Sunday, April 25, 1976 began as an ordinary day at Dodger Stadium. The Cubs, who would wind up with their second straight 87-loss season, entered the day with a 6-7 record; the Dodgers, who eventually finished second in the N.L. West with 92 wins, were 4-9.
It was a completely ordinary game; the Cubs came from behind in the eighth inning to tie the contest only to lose in extra innings, 5-4.
But it was what happened in the Dodger Stadium outfield in the fourth inning that day that will make this particular game forever remembered. Richard Dozer, recapping that day's game in the Tribune, described Monday's save:
Monday explained his role in the chase for the flag with more clarity than anything else discussed in the clubhouse.
”I saw these clowns come out on the field, and I didn’t know what they were doing. I thought they were just out there to prance around,” he recalled.
”But then they spread the flag out like a picnic blanket. I was just going to run them over until I saw them with the can of lighter fluid. I could see they were going to try to burn it.”
After Monday raced in front of left fielder [Jose] Cardenal and grabbed the flag, he gave it to a security man. The demonstrators were taken to a nearby police station. It was reported they were American Indians, and one of them said something about “squatters” taking over the country. This could not be verified.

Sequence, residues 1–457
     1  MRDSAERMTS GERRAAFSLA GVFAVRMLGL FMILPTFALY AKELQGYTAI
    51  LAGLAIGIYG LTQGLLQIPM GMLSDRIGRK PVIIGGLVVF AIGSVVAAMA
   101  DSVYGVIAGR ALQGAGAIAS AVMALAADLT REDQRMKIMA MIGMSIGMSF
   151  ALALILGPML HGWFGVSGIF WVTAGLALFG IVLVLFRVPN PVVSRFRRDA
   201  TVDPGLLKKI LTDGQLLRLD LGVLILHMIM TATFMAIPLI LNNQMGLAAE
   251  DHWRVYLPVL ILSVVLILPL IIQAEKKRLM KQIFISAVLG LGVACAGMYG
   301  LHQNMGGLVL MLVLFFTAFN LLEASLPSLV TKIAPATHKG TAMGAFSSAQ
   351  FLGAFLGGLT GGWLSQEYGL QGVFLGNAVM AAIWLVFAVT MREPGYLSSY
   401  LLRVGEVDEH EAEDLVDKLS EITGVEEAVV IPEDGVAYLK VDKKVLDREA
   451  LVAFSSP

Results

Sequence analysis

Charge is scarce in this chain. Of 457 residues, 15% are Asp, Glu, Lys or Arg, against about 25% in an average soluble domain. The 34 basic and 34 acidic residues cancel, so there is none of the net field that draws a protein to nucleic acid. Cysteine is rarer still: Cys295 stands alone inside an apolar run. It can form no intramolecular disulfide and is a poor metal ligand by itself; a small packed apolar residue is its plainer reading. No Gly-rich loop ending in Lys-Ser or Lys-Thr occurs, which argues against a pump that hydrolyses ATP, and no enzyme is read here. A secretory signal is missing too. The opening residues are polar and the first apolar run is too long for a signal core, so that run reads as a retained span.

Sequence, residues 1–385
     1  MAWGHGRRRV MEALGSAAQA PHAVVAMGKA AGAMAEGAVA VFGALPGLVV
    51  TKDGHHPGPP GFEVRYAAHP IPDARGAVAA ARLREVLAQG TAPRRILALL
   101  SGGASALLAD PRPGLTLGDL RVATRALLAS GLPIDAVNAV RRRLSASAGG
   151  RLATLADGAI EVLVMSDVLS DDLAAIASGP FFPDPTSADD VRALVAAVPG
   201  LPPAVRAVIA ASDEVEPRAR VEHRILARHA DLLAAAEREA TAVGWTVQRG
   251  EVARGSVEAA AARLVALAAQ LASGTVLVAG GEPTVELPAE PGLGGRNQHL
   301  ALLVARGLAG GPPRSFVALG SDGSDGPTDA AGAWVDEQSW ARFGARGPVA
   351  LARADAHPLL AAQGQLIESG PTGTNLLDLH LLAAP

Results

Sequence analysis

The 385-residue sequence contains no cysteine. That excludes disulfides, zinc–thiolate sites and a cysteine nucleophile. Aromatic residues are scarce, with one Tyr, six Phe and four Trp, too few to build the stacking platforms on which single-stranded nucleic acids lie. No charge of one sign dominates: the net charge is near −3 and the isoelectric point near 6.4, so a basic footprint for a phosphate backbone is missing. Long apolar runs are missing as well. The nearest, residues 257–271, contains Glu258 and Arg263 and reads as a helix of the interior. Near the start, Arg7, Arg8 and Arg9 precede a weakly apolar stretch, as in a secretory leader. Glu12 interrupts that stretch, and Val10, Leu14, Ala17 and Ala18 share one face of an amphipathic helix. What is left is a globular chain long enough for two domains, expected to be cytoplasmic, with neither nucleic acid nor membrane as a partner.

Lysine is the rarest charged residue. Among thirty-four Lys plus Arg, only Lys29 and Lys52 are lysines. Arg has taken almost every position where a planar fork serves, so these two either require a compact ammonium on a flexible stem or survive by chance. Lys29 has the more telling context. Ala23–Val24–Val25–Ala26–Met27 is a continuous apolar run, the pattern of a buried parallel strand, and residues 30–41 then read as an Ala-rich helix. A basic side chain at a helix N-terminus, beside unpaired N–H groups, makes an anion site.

One was identified as William Thomas, 37. He gave Eldon, Mo. as his hometown. The other was not identified because police said he was a juvenile, but was reportedly Thomas’ 11-year-old son.
A few days later, the Los Angeles Times reported that Thomas had done this to call attention to what he claimed was his wife's "imprisonment" in a Missouri mental institution. In researching this article, I tried to find information on Thomas and his son, but none appears to be available, even whether either is still living.
The actual flag Monday saved is shown in the photo at the top of this post, at an event Monday attended in 2006. Three years ago, the Dodgers issued a bobblehead commemorating this event, complete with cloth flag:
I wasn't in Los Angeles for this giveaway, but as many of you know, I collect bobbleheads. Had to have that one, so I bought one via eBay. The photo above is of my actual bobblehead.
A final note on this: I am posting this today simply to note the 40th anniversary of this event, a notable event in Cubs and baseball history. It obviously can have political implications. I make no comment on that and remind everyone here of the site rules prohibiting political comments. Thanks in advance for keeping the comments here related to baseball.